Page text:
Numbers 24:5
How goodly are your tents, O Jacob, and your tabernacles, O Israel!
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EXPOSITORY (ENGLISH BIBLE)
Numbers 24:5-6. How goodly are thy tents, &c. — Having seen them pitched in the plains of Moab, (Numbers 24:2,) he thus breaks forth into admiration of their beautiful order, as they lay ranged under their several standards. As the valleys — Which often from a small beginning are spread forth far and wide. As gardens — Pleasant and fruitful, and secured by a fence. As lign- aloes — An Arabian and Indian tree of a sweet smell, yielding shade and shelter both to man and beast; such is Israel, not only safe themselves, but yielding shelter to all that join themselves to them. Which the Lord hath planted — Nature, not art.24:1-9 Now Balaam spake not his own sense, but the language of the Spirit that came upon him. Many have their eyes open who have not their hearts open; are enlightened, but not sanctified. That knowledge which puffs men up with pride, will but serve to light them to hell, whither many go with their eyes open. The blessing is nearly the same as those given before. He admires in Israel, their beauty. The righteous, doubtless, is more excellent than his neighbour. Their fruitfulness and increase. Their honour and advancement. Their power and victory. He looks back upon what had been done for them. Their power and victory. He looks back upon what had been done for them. Their courage and security. The righteous are bold as a lion, not when assaulting others, but when at rest, because God maketh them to dwell in safety. Their influence upon their neighbours. God takes what is done to them, whether good or evil, as done to himself.The "falling" of which Balaam speaks was the condition under which the inward opening of his eyes took place. It indicates the force of the divine inspiration overpowering the seer. The faithful prophets of the Lord do not appear to have been subject to these violent illapses Daniel 8:17; Revelation 1:17.

In Balaam and in Saul 1 Samuel 19:24 the word of God could only prevail by first subduing the alien will, and overpowering the bodily energies which the will ordinarily directs.

5-7. How goodly are thy tents, … O Israel!—a fine burst of admiration, expressed in highly poetical strains. All travellers describe the beauty which the circular area of Bedouin tents impart to the desert. How impressive, then, must have been the view, as seen from the heights of Abarim, of the immense camp of Israel extended over the subjacent plains. No text from Poole on this verse. How goodly are thy tents, O Jacob,.... Not that the matter of which they were made was so rich, or their structure so admirable, but the order in which they were placed was so beautiful and agreeable:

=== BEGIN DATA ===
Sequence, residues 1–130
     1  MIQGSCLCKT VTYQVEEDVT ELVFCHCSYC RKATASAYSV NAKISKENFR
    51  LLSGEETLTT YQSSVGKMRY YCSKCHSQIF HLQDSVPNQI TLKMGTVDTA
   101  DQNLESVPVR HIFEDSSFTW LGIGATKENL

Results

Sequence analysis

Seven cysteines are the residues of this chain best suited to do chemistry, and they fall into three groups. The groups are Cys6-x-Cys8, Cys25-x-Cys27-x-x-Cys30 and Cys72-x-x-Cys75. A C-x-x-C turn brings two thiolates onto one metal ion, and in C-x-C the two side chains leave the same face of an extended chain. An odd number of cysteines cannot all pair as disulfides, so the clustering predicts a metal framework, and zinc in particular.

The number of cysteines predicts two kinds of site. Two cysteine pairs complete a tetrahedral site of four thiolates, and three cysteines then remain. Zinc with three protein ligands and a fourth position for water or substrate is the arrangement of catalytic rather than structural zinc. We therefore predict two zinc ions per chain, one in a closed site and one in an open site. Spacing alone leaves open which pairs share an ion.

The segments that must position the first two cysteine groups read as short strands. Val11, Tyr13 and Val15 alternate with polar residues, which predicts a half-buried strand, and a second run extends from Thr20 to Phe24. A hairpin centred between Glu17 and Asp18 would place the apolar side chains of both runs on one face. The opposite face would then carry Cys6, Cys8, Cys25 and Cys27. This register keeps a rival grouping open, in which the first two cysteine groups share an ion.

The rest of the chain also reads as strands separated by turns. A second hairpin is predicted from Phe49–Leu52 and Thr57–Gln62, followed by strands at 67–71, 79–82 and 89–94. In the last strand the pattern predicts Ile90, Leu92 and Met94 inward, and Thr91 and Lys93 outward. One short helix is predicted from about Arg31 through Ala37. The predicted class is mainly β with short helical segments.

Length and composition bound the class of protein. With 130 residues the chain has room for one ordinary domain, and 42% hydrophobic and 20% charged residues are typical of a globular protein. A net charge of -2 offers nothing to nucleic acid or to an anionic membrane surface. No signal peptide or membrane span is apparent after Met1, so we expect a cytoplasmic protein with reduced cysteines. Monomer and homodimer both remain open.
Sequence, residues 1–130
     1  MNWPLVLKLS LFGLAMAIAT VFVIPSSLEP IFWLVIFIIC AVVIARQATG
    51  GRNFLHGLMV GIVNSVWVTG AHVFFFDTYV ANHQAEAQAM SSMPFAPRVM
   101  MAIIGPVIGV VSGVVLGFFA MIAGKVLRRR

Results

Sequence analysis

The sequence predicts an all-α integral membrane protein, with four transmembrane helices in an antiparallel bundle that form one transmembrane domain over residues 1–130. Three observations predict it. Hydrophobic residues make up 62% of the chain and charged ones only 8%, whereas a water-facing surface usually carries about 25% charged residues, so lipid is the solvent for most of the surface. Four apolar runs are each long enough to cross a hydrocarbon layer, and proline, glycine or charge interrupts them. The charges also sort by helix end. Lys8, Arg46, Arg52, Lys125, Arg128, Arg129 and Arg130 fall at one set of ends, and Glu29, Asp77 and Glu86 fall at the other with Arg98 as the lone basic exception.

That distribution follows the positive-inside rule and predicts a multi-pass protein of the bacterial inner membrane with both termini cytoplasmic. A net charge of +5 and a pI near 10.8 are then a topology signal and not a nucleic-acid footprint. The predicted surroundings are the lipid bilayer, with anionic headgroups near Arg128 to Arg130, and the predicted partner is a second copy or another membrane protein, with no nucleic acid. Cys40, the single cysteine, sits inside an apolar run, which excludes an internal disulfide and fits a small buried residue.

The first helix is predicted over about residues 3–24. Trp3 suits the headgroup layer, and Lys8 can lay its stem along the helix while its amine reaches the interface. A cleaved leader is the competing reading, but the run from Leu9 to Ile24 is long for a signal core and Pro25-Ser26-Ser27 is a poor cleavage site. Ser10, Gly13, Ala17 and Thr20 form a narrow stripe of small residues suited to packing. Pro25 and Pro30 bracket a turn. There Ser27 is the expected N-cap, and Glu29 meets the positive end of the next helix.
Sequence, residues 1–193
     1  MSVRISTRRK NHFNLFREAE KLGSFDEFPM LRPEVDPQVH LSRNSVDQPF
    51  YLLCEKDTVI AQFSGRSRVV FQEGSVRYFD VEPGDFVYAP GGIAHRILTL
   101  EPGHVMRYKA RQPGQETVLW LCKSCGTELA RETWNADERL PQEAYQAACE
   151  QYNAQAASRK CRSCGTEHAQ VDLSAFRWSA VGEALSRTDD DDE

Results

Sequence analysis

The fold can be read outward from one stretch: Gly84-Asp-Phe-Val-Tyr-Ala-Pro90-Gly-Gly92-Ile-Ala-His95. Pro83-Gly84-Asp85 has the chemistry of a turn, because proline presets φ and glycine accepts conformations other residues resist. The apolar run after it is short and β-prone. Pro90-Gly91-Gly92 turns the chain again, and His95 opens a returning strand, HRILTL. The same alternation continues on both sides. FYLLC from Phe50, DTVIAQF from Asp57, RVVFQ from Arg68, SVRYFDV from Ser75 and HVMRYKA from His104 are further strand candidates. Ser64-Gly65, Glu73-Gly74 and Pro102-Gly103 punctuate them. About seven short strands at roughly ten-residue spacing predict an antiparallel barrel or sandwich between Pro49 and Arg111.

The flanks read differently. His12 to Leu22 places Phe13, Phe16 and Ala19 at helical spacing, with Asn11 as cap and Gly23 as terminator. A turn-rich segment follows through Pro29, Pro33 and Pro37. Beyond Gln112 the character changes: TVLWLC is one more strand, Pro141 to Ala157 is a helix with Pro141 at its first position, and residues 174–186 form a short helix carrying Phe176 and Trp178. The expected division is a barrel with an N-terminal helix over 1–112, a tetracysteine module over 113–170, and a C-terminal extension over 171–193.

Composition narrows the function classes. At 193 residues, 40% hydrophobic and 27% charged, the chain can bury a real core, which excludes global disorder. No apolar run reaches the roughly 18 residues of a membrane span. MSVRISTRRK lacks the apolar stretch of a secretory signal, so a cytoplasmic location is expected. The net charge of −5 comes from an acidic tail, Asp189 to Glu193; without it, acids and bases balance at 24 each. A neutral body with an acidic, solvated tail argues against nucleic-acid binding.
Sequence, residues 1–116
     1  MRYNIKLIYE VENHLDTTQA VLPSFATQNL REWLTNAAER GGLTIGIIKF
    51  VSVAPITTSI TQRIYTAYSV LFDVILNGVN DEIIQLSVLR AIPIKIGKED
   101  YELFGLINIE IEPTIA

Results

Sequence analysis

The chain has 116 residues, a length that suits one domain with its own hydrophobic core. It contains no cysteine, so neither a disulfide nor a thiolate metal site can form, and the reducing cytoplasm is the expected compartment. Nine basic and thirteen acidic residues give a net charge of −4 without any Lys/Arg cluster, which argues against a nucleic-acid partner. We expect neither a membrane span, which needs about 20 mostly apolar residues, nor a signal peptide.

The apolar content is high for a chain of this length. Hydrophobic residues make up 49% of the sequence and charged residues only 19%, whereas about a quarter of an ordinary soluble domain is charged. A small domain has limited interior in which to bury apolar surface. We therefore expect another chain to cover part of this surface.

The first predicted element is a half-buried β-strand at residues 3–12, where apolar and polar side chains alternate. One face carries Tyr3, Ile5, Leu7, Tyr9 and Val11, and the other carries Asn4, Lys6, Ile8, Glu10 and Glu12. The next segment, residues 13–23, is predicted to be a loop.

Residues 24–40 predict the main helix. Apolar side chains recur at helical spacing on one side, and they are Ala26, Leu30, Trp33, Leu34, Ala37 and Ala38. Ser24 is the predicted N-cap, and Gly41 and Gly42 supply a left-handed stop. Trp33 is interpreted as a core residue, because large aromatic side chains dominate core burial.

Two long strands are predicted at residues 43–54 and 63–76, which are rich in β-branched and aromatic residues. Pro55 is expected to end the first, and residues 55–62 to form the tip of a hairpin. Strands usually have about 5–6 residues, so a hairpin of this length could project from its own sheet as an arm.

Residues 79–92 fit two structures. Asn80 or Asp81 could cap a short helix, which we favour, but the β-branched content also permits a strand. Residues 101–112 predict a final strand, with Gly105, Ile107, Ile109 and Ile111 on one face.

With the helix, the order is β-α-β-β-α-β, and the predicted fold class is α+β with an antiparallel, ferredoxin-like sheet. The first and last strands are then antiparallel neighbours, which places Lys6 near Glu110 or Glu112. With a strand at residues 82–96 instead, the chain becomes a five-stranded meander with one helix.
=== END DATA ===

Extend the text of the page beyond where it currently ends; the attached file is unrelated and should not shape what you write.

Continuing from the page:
and thy tabernacles, O Israel; which is the same thing in other words, and which may be applied figuratively to the church of God, which often goes by the names of Jacob and Israel; and agrees with particular congregations and assemblies of saints, where they dwell as in tents in a movable state, like pilgrims and sojourners; and which are the dwelling places of Father, Son, and Spirit, and of the people of God with one another; and are goodly, pleasant, and delightful, because of the presence of God with them, and on account of the provisions there made for them, and the company they there enjoy; see Psalm 84:1.

How goodly are thy tents, O Jacob, and thy tabernacles, O Israel!
EXEGETICAL (ORIGINAL LANGUAGES)
He takes the seer "to the top of Peor, which looks over the face of the desert" (Jeshimon: see at Numbers 21:20), and therefore was nearer to the camp of the Israelites. Mount Peor was one peak of the northern part of the mountains of Abarim by the town of Beth-peor, which afterwards belonged to the Reubenites (Joshua 13:20), and opposite to which the Israelites were encamped in the steppes of Moab (Deuteronomy 3:29; Deuteronomy 4:46). According to Eusebius (Onom. s. v. Φογώρ), Peor was above Libias (i.e., Bethharam),

(Note: Ὑυπέρκειται δὲ τῆς νῦν Λιβαίδος καλουμένης. Jerome has "in supercilio Libiados.")

which was situated in the valley of the Jordan; and according to the account given under Araboth Moab,

(Note: Καὶ ἔστι τόπος εἰς δεῦρο δεικνύμενος παρὰ τῷ ὄρει Φογώρ ὁ παράκειται ἀνιόντων ἀπὸ Λιβίαδος ἐπὶ Ἐσσεβοὺς (i.e., Heshbon) τῆς Ἀραβίας ἀντικρὺ Ἰεριχώ.)

it was close by the Arboth Moab, opposite to Jericho, on the way from Libias to Heshbon. Peor was about seven Roman miles from Heshbon, according to the account given s. v. Danaba; and Beth-peor (s. v. Bethphozor) was near Mount Peor, opposite to Jericho, six Roman miles higher than Libias, i.e., to the east of it (see Hengstenberg, Balaam, p. 538).

Numbers 23:29-30

The sacrifices offered in preparation for this fresh transaction were the same as in the former cases (Numbers 23:14, and Numbers 23:1, Numbers 23:2).

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